Tyrone teachers put to work

Courtesy photo / Sam Phillips, president of Gardners Candies, talks with educators Leslie Estep, Tom Yoder, Cathy Harlow, Rebecca Barlett, Rhonda Dodson and Chrystie Williams during a tour of the Gardners plant.

TYRONE — A group of Tyrone Area School District teachers now have a better understanding of what career opportunities are available in the Tyrone area and the skills needed to perform those jobs.

A group of 17 district educators participated in the Teacher in the Workplace program, funded by a $40,000 grant from Southern Alleghenies Workforce Investment Board.

The program offers the opportunity for educators to spend time at a place of business in order to be able to connect their subject area to the academic skills and knowledge required in the workplace, Superintendent Cathy Harlow said at a recent meeting of the Blair County Chamber of Commerce Breakfast Club.

“So often we focus our efforts on immersing students in the workplace. While this is very important, we also need to focus on providing our classroom teachers with information about the local employment opportunities available and the skills needed to be successful in the work environment,” she said.

“The goal of the program is to connect classroom learning with relevant business practices by engaging teachers and business leaders in discussions connecting challenges faced in the workplace and the school environment, skills needed compared to what is taught and career opportunities with student interests,” Harlow said.

When teachers visited the 19 participating businesses, the discussion was a two-way conversation.

“It was not all about what business needed but also the challenges educators were facing,” Hawlow said. “At many of the businesses, we were able to meet with the laborers. They were so appreciative of the opportunity to share their ideas about what they believed should be taught in school and to hear the feedback from our teachers.”

The expected outcomes of the program are to create a vital link between the classroom and “real world” living; to develop innovative programs for meeting educational goals; and to develop partnerships between educators and businesses that will help students succeed in college and the workplace, Harlow said.

Each teacher toured five of the participating businesses.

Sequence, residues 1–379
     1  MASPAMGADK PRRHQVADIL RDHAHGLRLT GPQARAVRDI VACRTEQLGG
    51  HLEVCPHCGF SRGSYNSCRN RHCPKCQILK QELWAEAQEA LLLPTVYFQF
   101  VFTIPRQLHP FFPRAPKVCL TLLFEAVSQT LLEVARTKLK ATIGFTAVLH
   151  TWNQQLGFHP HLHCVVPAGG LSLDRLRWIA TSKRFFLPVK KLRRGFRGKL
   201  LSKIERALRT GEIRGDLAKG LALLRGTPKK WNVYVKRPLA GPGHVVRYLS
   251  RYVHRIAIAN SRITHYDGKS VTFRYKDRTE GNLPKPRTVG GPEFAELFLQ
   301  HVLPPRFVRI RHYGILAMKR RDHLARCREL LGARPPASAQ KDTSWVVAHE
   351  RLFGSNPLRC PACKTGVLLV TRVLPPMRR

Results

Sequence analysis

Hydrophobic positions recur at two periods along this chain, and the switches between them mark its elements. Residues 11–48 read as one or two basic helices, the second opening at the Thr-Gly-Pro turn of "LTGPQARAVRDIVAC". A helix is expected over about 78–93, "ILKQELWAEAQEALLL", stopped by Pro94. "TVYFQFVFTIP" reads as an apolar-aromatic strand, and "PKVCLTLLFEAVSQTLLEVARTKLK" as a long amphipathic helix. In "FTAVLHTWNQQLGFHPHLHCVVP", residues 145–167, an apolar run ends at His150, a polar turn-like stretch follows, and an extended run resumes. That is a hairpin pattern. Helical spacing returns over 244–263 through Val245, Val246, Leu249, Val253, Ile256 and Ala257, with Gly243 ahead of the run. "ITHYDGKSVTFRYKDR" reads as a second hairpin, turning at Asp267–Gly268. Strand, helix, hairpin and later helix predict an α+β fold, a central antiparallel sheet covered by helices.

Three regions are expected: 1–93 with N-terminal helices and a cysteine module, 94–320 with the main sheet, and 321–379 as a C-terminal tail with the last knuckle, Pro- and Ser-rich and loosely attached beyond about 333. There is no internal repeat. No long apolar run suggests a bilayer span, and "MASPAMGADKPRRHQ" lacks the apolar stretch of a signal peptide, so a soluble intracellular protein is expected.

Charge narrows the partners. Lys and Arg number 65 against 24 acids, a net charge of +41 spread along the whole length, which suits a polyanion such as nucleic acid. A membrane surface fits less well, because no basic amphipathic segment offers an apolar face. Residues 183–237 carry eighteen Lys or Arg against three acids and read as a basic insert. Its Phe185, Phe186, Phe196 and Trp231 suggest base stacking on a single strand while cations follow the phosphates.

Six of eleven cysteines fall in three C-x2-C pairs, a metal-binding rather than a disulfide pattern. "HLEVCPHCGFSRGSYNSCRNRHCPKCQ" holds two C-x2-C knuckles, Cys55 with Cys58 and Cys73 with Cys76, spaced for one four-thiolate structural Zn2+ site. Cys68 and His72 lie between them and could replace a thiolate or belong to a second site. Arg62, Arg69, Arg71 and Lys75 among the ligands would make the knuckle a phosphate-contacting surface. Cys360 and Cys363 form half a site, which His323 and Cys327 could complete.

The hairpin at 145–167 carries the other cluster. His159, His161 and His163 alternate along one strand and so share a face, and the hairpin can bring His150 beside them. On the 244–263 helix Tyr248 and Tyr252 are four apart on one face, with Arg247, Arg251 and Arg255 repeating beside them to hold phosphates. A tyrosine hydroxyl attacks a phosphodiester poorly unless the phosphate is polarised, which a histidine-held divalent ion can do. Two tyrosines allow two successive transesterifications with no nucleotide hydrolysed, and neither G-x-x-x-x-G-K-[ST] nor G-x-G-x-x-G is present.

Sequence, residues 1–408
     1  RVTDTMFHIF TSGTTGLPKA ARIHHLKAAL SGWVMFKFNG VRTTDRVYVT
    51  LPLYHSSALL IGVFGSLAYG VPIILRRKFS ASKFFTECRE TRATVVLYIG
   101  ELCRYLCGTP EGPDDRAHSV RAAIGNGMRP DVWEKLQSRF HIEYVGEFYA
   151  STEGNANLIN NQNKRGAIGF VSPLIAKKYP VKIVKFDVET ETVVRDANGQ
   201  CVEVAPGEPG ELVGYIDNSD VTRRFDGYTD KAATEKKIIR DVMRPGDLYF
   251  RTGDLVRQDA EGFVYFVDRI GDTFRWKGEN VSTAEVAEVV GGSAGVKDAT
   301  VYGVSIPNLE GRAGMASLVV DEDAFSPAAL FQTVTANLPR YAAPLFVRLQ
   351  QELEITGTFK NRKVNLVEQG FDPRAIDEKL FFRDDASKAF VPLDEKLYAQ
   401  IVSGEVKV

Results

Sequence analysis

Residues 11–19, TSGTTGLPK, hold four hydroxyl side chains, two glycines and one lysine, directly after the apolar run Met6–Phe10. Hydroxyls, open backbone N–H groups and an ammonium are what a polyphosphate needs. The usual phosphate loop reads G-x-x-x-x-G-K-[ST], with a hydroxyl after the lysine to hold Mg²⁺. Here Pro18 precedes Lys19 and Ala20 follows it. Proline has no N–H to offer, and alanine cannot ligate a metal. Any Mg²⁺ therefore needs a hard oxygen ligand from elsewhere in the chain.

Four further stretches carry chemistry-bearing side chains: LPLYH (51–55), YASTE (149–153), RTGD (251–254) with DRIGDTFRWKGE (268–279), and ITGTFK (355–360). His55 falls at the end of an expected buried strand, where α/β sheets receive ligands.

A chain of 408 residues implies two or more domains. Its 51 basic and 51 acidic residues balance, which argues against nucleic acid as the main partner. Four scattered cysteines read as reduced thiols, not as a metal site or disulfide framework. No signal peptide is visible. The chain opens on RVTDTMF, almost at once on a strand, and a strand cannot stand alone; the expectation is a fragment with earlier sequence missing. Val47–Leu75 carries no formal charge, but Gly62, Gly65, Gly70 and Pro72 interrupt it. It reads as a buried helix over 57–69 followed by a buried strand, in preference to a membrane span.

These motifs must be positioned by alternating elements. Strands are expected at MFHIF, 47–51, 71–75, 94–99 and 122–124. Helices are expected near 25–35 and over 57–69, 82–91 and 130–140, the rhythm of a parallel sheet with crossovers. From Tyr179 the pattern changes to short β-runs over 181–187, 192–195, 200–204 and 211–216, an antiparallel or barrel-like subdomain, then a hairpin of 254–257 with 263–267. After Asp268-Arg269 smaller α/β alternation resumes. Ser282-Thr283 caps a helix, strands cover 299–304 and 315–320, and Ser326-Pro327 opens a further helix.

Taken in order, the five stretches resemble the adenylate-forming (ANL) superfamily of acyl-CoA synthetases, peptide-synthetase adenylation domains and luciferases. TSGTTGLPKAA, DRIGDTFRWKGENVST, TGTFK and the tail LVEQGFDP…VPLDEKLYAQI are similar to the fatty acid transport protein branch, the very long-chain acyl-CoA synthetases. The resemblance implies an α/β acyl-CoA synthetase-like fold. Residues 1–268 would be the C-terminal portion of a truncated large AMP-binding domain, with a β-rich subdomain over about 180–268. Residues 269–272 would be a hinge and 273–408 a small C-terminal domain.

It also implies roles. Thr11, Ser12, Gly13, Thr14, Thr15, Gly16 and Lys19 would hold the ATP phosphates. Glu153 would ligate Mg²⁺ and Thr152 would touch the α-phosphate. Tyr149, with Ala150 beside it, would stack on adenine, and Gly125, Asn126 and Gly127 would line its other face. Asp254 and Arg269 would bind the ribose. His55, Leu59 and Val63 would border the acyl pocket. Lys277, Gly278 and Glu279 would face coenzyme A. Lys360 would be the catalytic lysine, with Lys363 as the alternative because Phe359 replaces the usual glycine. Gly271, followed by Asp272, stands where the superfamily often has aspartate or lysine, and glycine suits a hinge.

“During the tours we met with management-level personnel to discuss job opportunities within the organization, the various skills needed to complete the jobs, the education and training required and the specific areas where employers were struggling to obtain workers and the specific skills workers were lacking,” Harlow said.

The program helps teachers by providing a basis to relate the concepts being taught in their classrooms to relevant work skills.

“A student is more apt to learn a concept if they can understand how the concept is to be applied,” Harlow said. “By participating in the Teacher in the Workplace program, educators can answer those questions and relate what they are teaching to real world tasks or skills that they learned about in the business environment.”

After the business tours were completed, a meeting was held with the educators to discuss what they had learned and how that learning could be integrated into the curriculum, as well as ideas for further collaboration with businesses.

“We discussed some of the common needs of the businesses visited. During our tours, we often heard management express a need for basic skills,” Harlow said.

Rebecca Barlett, an interventionist at Tyrone Area High School, said a lot of students lack soft skills.

“You can have all of the hard skills, but if you don’t have the soft skills you can’t get a job,” she said.

“You have to be able to interview well and look someone in the eye,” Barlett added. “I will focus on the soft skills, help them learn how to speak and how to present themselves in a positive way to an employer.”

Other participating teachers were also impressed with the program.

“I told Mrs. Harlow that in my 39 years of teaching at Tyrone, this is one of the best programs I have been involved with. Many of the tours dealt specifically with the areas I teach,” Edward Vancas, a metalworking and manufacturing technology instructor, said. “During the tours I was able to see many of my former students that have graduated, transitioned into good-paying jobs and have become contributing members of the community.”

Vancas said he can communicate to his students the information gathered from local employers.

“We discussed things such as work ethic, skills needed, what it takes to become employable and how to advance from an entry level position. We also discussed that there are many good paying jobs available to people right in Tyrone and the surrounding areas,” he said.